(RTTNews) – The China stock market has alternated between positive and negative finishes through the last four trading days since the end of the two-day slide in which it had fallen more than 25 points or 0.8 percent. The Shanghai Composite Index now sits just beneath the 3,250-point plateau and it’s expected to open in the red again on Wednesday.
The global forecast for the Asian markets remains soft on increasing concerns over the Republican-manufactured U.S. debt ceiling confrontation. The European and U.S. markets were down and the Asian bourses figure to follow that lead.
The SCI finished sharply lower on Tuesday following losses from the financial shares, property stocks and resource companies.
For the day, the index stumbled 50.23 points or 1.52 percent to finish at the daily low of 3,246.24 after peaking at 3,298.23. The Shenzhen Composite Index dropped 20.24 points or 0.99 percent to end at 2,018.72.
Among the actives, Industrial and Commercial Bank of China tumbled 2.76 percent, while Bank of China retreated 3.12 percent, China Construction Bank declined 2.84 percent, China Merchants Bank slumped 1.75 percent, Bank of Communications skidded 1.37 percent, China Life Insurance plunged 4.13 percent, Jiangxi Copper stumbled 1.94 percent, Aluminum Corp of China (Chalco) tanked 3.39 percent, Yankuang Energy dropped 1.68 percent, PetroChina shed 1.87 percent, China Petroleum and Chemical (Sinopec) sank 1.42 percent, Huaneng Power plummeted 3.02 percent, China Shenhua Energy eased 0.23 percent, Gemdale lost 1.31 percent, Poly Developments fell 1.11 percent, China Vanke slid 1.02 percent and China Fortune Land dipped 0.44 percent.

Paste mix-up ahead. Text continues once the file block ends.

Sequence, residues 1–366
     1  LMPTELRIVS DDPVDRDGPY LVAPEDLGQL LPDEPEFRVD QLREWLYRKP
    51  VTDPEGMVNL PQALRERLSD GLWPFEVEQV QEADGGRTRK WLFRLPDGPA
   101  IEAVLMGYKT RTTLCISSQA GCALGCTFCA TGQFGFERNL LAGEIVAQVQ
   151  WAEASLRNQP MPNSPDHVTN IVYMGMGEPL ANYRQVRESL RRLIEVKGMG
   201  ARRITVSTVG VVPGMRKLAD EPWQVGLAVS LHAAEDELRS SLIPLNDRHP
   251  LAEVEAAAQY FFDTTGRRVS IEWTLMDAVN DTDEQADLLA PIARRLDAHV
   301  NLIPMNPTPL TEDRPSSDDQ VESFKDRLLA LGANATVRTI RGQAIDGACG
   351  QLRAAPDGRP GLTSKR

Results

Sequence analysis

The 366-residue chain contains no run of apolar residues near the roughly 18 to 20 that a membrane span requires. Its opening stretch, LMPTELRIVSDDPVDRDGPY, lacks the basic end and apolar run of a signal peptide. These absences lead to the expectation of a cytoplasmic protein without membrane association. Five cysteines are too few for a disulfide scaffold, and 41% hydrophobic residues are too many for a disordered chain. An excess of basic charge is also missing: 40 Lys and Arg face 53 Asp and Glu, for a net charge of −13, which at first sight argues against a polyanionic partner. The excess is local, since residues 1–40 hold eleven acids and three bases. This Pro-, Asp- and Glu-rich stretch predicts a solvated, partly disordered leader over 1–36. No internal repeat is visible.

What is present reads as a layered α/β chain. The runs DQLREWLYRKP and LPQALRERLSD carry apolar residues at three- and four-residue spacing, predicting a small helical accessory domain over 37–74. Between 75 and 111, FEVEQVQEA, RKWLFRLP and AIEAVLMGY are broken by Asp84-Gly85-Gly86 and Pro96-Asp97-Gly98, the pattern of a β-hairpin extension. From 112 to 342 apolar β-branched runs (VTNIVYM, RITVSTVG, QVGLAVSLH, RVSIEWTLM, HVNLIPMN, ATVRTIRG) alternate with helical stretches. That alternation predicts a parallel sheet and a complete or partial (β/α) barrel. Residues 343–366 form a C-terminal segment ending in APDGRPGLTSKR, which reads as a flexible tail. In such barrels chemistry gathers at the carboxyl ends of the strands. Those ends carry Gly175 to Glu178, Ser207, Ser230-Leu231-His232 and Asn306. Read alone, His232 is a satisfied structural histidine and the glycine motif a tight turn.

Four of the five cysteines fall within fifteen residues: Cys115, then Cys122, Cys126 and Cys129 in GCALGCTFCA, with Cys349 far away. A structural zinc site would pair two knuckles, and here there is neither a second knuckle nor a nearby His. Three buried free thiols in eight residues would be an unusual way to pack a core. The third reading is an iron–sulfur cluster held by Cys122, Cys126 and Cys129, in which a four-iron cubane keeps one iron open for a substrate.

The lead from Wall Street suggests consolidation as the major averages opened lower on Tuesday and spent much of the day hugging the line before slumping in the afternoon.
The Dow tumbled 231.07 points or 0.69 percent to finish at 33,055.51, while the NASDAQ sank 160.53 points or 1.26 percent to end at 12,560.25 and the S&P 500 dropped 47.05 points or 1.12 percent to close at 4,145.58.
The markets continue to be weighed by the debt ceiling negotiations. U.S. President Joe Biden and House Speaker Kevin McCarthy said they held productive talks but there was no agreement on how to raise the government’s $31.4 trillion debt ceiling.
In economic news, the S&P Global US Composite PMI accelerated to its fastest pace in more than a year, while the Commerce Department said new home sales surprised much higher to the upside.
Crude oil futures advanced on speculation that OPEC might consider another production cut next month, and on a warning from Saudi Arabia’s energy minister that oil prices will stop declining. West Texas Intermediate Crude oil futures for July rose $0.86 or 1.2 percent at $72.91 a barrel.